MIDDLE KINGDOM
LETTER OF ACCEPTANCES AND RETURNS

SEPTEMBER 2001


This is the Middle Kingdom Letter of Acceptances and Returns for Escutcheon's August 2001 letter. Comments in braces {} were removed from the Letter of Intent sent to Laurel and the College of Arms. Names, devices, or badges in braces have been returned or pended; general comments or replies to commentary are also placed in braces.

Many thanks to Hinach ben Josef, Pendar the Bard (Rampart), Mikhail of Lubelska, Ælfreda æt Æthelwealda, Julie Stampnitzky, Etienne le Couteau des Roches, Phebe Bonadeci, Hunydd Wreic Meurik, Dunstan of Grey Gargoyles, and Thorvald Redhair for their commentary this month.





1) Bj{o,}rn Þorkelson - New name & device

Quarterly azure and argent, a raven close wings elevated and addorsed sable maintaining a heart gules.

<Bj{o,}rn> and <Þorkell> are found in Geirr Bassi. <Þorkelson> is the correct patronym formed from <Þorkell>.

Submitted as <Bjorn Thorkelson>, the client cares most about having a Viking name and would like it to be period for that culture. He will NOT accept MAJOR changes. He will NOT accept a holding name.

{As blazoned and as drawn, the field is technically neutral. While there are contrast problems with half the gules heart being on an azure portion of the field, and half the sable raven also being on azure, it is an even enough split that I would be hesitant to return it, so I'm sending it up for Laurel to decide.}



Name commentary



Device commentary

Hinach: The color of the raven appears to me to blend into the azure of the quartered field when looked at from a slight distance. I believe the majority of the sable raven is over the azure part of the field, rather than

the argent, thus forming color on color.



Rampart: Blazon-fu: Quarterly azure and argent, a raven rising wings elevated and addorsed sable, maintaining a heart gules. No conflicts found. The closest were: Sancia Lafond Freyser de Cameron (1/00

An Tir): (Fieldless) An ibis rising wings displayed sable maintaining an ankh Or. 1 CD for fieldless, 1 CD for wings displayed, probably 1 CD for type as well. Alyna Duchez (9/95 Middle): Argent, a raven rising wings elevated and addorsed sable beaked and membered gules maintaining in its dexter claw a heart sable all within a bordure nebuly azure. 1 CD for the field, 1 CD for the bordure, nothing for the maintained object. It's awfully similar and they're both from the Midrealm. Are they related? Padraic the Fierce (8/92 Caid): Per pale and per saltire embowed counter-embowed argent and azure, a raven rising, wings addorsed, and a bordure sable. 1 CD for changes to the field, 1 CD for the bordure. There were others that had 1 CD for changes to the field, 1 CD for type of bird.



Æ&M: We are unsure how to blazon the bird's posture, but our guess is "close, wings elevated and addorsed."



Julie: Reblazon as "Quarterly azure and argent, a raven sable maintaining a heart gules."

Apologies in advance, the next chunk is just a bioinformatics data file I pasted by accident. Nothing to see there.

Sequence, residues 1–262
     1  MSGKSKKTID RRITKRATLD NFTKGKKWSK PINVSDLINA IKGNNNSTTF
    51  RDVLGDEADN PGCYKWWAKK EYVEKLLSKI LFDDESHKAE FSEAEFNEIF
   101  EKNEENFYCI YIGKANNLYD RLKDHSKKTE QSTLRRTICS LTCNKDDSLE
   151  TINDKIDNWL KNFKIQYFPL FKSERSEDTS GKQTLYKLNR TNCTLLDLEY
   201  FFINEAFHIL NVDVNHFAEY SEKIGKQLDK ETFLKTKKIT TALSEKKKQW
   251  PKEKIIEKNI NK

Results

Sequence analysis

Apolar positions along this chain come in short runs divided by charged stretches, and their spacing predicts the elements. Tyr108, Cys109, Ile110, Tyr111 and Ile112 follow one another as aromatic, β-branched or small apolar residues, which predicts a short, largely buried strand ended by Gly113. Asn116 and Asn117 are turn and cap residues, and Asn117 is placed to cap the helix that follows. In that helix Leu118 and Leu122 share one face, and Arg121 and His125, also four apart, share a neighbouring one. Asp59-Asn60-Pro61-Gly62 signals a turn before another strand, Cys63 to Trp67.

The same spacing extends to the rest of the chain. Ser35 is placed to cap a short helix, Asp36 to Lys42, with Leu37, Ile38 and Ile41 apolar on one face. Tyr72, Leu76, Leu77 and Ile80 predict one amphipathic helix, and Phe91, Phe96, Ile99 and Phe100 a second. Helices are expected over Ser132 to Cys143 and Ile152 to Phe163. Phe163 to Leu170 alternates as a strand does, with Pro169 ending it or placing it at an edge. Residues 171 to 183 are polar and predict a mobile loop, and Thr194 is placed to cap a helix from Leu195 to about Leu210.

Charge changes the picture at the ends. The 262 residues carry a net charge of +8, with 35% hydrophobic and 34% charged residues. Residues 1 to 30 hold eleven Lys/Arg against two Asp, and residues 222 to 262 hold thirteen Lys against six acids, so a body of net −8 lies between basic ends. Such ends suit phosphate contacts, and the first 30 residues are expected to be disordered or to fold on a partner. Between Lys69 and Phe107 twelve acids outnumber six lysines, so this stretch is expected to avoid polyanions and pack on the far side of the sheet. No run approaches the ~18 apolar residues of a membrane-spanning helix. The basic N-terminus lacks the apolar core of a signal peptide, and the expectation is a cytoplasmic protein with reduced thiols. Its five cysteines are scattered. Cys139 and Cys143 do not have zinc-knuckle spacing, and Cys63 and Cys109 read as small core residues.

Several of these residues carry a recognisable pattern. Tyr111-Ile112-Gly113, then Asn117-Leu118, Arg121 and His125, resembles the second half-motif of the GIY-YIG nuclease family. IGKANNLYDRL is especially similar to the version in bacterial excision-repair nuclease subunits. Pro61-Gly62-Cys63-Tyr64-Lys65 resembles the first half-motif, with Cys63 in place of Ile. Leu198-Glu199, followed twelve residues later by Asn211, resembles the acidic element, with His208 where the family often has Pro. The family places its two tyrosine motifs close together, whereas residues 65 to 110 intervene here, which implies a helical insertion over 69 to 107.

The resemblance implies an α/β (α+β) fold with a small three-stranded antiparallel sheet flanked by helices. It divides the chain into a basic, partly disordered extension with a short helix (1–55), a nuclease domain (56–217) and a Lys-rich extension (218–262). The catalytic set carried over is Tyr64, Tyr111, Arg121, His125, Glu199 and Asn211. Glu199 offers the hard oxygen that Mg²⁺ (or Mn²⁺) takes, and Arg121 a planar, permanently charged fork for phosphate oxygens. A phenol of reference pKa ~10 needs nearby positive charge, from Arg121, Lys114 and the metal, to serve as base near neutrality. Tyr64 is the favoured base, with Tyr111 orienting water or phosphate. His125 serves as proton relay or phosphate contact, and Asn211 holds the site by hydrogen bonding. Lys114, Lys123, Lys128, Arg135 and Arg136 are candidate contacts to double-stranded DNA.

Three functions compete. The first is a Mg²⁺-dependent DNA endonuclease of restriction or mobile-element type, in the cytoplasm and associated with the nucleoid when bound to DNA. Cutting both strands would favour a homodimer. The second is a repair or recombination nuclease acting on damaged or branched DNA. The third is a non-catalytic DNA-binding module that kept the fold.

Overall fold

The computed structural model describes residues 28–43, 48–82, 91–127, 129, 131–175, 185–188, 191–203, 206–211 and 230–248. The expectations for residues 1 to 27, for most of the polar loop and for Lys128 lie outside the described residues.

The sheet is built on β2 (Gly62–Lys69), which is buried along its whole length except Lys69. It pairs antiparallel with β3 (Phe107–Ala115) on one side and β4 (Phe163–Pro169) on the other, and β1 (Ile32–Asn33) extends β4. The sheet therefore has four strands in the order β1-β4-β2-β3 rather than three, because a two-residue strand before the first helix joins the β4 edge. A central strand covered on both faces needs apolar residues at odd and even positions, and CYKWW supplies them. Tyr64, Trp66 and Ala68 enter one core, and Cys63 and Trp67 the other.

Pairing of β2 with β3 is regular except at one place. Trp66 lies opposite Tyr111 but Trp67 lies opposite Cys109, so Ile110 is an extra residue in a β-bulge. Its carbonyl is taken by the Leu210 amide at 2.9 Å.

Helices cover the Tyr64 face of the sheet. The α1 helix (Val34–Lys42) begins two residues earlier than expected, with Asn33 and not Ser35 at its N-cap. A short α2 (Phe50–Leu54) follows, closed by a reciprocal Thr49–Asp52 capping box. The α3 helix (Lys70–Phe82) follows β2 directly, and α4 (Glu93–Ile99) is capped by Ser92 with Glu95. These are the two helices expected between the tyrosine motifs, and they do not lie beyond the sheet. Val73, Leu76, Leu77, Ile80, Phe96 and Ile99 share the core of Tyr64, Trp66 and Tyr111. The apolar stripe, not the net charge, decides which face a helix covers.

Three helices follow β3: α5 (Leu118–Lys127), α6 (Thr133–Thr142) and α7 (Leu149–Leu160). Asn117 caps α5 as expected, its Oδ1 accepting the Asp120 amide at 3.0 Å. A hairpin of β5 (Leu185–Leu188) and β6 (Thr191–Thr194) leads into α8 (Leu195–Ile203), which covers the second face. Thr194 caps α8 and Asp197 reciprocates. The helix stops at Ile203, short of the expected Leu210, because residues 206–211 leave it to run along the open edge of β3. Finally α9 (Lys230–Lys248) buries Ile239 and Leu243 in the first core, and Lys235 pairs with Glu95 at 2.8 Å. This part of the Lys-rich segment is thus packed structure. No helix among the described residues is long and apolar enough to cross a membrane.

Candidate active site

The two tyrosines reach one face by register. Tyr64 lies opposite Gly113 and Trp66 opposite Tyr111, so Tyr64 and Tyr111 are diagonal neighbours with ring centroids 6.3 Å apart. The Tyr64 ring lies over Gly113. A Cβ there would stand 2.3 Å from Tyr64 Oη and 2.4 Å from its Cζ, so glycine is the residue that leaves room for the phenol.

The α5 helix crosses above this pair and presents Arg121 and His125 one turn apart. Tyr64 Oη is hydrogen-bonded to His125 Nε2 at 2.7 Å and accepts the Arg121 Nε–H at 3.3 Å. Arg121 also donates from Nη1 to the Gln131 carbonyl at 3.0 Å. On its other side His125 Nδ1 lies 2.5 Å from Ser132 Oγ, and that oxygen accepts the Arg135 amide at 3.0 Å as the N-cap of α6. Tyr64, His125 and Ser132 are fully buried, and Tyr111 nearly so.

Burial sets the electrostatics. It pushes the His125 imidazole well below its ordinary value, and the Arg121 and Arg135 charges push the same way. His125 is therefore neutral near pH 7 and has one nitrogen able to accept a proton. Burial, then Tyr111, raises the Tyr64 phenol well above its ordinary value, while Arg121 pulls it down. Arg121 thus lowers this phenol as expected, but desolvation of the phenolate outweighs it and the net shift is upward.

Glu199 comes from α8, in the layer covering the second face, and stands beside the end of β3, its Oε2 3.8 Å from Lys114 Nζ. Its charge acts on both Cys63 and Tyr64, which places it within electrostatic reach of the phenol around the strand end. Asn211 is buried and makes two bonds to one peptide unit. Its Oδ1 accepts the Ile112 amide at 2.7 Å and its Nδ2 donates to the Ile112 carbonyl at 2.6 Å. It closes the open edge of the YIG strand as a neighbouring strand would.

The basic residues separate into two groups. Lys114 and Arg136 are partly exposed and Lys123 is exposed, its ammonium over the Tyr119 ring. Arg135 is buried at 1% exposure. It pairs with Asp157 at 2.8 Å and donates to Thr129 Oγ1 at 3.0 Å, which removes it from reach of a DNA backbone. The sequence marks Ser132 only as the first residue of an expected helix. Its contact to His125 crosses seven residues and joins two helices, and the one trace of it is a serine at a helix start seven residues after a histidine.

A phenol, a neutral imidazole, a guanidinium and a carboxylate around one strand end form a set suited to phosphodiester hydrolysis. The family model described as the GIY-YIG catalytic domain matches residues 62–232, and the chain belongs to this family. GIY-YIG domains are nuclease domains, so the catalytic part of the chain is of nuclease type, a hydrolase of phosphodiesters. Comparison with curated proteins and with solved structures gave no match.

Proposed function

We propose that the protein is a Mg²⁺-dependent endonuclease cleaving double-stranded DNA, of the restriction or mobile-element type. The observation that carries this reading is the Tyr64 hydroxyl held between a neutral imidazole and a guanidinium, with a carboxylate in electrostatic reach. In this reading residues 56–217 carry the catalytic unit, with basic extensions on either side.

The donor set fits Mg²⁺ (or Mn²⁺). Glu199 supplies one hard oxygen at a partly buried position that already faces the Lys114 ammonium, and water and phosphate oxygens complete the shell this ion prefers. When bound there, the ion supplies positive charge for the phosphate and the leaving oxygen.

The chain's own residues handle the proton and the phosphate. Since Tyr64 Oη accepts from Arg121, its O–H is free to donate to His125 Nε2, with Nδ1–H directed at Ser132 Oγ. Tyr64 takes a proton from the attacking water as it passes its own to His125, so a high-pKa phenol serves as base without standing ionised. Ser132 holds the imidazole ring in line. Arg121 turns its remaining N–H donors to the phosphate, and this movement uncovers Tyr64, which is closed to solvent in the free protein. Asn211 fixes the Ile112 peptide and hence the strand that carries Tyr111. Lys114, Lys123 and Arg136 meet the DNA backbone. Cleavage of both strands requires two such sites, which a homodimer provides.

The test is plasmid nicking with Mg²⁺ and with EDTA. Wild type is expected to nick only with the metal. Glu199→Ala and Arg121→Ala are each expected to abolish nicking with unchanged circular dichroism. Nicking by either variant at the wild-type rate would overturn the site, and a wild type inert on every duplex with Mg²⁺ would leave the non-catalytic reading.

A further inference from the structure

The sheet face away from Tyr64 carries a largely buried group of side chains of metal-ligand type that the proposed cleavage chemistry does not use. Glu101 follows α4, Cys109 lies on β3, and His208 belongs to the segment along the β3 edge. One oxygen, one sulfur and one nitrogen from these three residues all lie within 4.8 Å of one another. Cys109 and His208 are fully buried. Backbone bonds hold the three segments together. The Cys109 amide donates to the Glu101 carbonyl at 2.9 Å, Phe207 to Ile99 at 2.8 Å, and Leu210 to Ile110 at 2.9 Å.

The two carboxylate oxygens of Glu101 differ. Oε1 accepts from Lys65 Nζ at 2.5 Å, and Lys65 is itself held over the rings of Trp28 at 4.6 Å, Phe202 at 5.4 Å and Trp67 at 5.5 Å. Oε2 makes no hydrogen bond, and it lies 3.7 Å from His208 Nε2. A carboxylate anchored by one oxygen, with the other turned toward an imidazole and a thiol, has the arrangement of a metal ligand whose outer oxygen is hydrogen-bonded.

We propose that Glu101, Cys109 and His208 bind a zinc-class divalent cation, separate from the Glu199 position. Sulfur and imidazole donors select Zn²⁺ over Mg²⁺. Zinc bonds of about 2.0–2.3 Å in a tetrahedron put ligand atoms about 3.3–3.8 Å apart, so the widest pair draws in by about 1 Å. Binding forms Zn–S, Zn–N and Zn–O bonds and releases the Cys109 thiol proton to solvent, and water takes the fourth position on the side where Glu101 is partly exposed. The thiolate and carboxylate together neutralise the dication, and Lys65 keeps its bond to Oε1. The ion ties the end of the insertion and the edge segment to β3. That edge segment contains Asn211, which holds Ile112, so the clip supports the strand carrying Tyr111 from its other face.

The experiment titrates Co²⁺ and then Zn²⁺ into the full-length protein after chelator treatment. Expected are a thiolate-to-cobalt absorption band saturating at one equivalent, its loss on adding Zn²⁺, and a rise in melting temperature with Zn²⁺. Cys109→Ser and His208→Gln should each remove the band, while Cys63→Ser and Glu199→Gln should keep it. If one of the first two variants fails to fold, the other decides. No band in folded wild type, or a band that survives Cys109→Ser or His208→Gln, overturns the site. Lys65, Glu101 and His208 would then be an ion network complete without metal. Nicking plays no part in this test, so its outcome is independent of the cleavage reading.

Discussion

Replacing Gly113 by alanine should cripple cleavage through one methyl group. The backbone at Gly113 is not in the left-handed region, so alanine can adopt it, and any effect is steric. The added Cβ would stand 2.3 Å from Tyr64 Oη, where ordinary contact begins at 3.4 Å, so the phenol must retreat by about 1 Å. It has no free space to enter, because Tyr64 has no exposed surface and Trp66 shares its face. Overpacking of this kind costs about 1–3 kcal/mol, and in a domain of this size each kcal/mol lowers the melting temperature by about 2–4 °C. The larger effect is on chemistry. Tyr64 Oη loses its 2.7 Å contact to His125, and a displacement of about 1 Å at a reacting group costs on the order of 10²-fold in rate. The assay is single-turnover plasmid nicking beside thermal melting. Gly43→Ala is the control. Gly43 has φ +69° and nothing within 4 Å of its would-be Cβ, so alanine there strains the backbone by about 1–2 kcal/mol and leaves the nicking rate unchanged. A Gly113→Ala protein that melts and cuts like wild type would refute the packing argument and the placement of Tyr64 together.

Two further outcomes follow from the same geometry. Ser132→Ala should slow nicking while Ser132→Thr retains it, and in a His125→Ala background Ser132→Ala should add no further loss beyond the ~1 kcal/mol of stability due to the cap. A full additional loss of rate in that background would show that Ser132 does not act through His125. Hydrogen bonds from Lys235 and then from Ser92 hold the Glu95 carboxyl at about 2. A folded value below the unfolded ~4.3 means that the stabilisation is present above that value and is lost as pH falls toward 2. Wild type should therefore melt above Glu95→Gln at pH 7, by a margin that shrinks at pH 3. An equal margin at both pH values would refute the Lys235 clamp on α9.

Thorvald: This raven's wings look elevated and addorsed to us.





{*) Custance the Whimsical - New name

No evidence was provided and none could be found for <the Whimsical> as an appropriate English byname. The earliest that <whimsical> is found in the OED is 1653, which is beyond even our gray period.

If the client would like to consider a different surname with a similar meaning, we recommend a form of <Mirth>, from the Old English <myrgð> 'joy, pleasure.' It is found as <Mirthe> 1279, <Merthe> 1275, and <Mirthe> 1327 in Reaney and Wilson s.n. <Mirth>.}



Name commentary

Hinach: Custance is dated to 1561 in Withycombe (72). "the Whimsical" is merely identified as a descriptive byname with no citation or dating. Withycombe also dates Custance to 1273 and 1379, as well as the 1561 in the client's documentation. The byname "the Whimsical" appears to be based on usage which did not occur until after 1600. Whimsical appears in the OED, vol. XX, p. 236, with several different definitions, the earliest of which is dated to 1653. A slightly earlier example of whimsey is dated to 1605.



While it might be possible to argue that whimsy and whimsical were used prior to 1600, although not found in documented literature, referring to someone as the whimsical is considerably less plausible.



Rampart: I did find Custance in Withycombe on page 72 dated by citation to 1273. You need to note that it is found under the header Constance. In the text it notes that it was brought to England by the Normans and is anglicized Custance, which was found _as late as_ 1561. The earliest citation of Whimsical in the OED is dated to 1653, just past our grey area. None of the citations use it as a descriptive element for an individual. It is not likely to be registerable as a byname. Reaney and Wilson, page 311, under the heading Mirth, have Alexander Mirthe 1279 RH (C); Peter Merthe 1275 SRWo; William Mirthe 1327 SRY. OE myrgð 'joy, pleasure'. Any of those would go wonderfully with the dated citation from her given name.



Æ&M: The earliest citation of "whimsical" in the OED was dated to 1653. There are related terms "whimsy" and "whimsied", both in period. There is also the somewhat related term "capricious", see meaning #2.



From the Oxford English Dictionary SECOND EDITION 1989 (Online Version) , whimsy, whimsey, n. (a.)

2. A wench. Obs. rare.

1614 B. JONSON Barth. Fair II. iv, And shall we ha' smockes Vrsla, and good whimsies, ha? a1625 FLETCHER Bloody Brother IV. ii, You'l pick a bottle open, or a whimsey, As soon as the best of us.



whimsied, pa. pple. or a. Obs. rare.

Filled with whims; made whimsical.

1624 FLETCHER Rule a Wife II. i, To have a mans brains whimsied with his wealth. 1628 FORD Lover's Mel. II. ii, You are but a little staring there's difference betweene staring and starke mad. You are but whymsed, yet crotchetted, conundroun'd, or so. 1835 WILLIS Pencillings I. xxiii. 162 A whimsied madman.